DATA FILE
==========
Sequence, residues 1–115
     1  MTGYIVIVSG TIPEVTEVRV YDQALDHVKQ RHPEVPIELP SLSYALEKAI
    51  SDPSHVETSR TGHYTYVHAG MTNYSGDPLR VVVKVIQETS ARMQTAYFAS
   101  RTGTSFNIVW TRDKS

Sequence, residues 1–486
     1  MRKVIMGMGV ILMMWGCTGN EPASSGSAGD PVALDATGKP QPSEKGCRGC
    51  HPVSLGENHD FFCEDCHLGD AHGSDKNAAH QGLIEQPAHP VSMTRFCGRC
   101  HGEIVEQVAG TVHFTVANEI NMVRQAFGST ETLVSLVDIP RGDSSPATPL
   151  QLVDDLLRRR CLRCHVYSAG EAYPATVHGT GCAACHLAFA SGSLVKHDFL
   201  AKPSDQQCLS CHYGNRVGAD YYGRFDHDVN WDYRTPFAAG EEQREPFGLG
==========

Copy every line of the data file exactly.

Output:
Sequence, residues 1–115
     1  MTGYIVIVSG TIPEVTEVRV YDQALDHVKQ RHPEVPIELP SLSYALEKAI
    51  SDPSHVETSR TGHYTYVHAG MTNYSGDPLR VVVKVIQETS ARMQTAYFAS
   101  RTGTSFNIVW TRDKS

Sequence, residues 1–486
     1  MRKVIMGMGV ILMMWGCTGN EPASSGSAGD PVALDATGKP QPSEKGCRGC
    51  HPVSLGENHD FFCEDCHLGD AHGSDKNAAH QGLIEQPAHP VSMTRFCGRC
   101  HGEIVEQVAG TVHFTVANEI NMVRQAFGST ETLVSLVDIP RGDSSPATPL
   151  QLVDDLLRRR CLRCHVYSAG EAYPATVHGT GCAACHLAFA SGSLVKHDFL
   201  AKPSDQQCLS CHYGNRVGAD YYGRFDHDVN WDYRTPFAAG EEQREPFGLG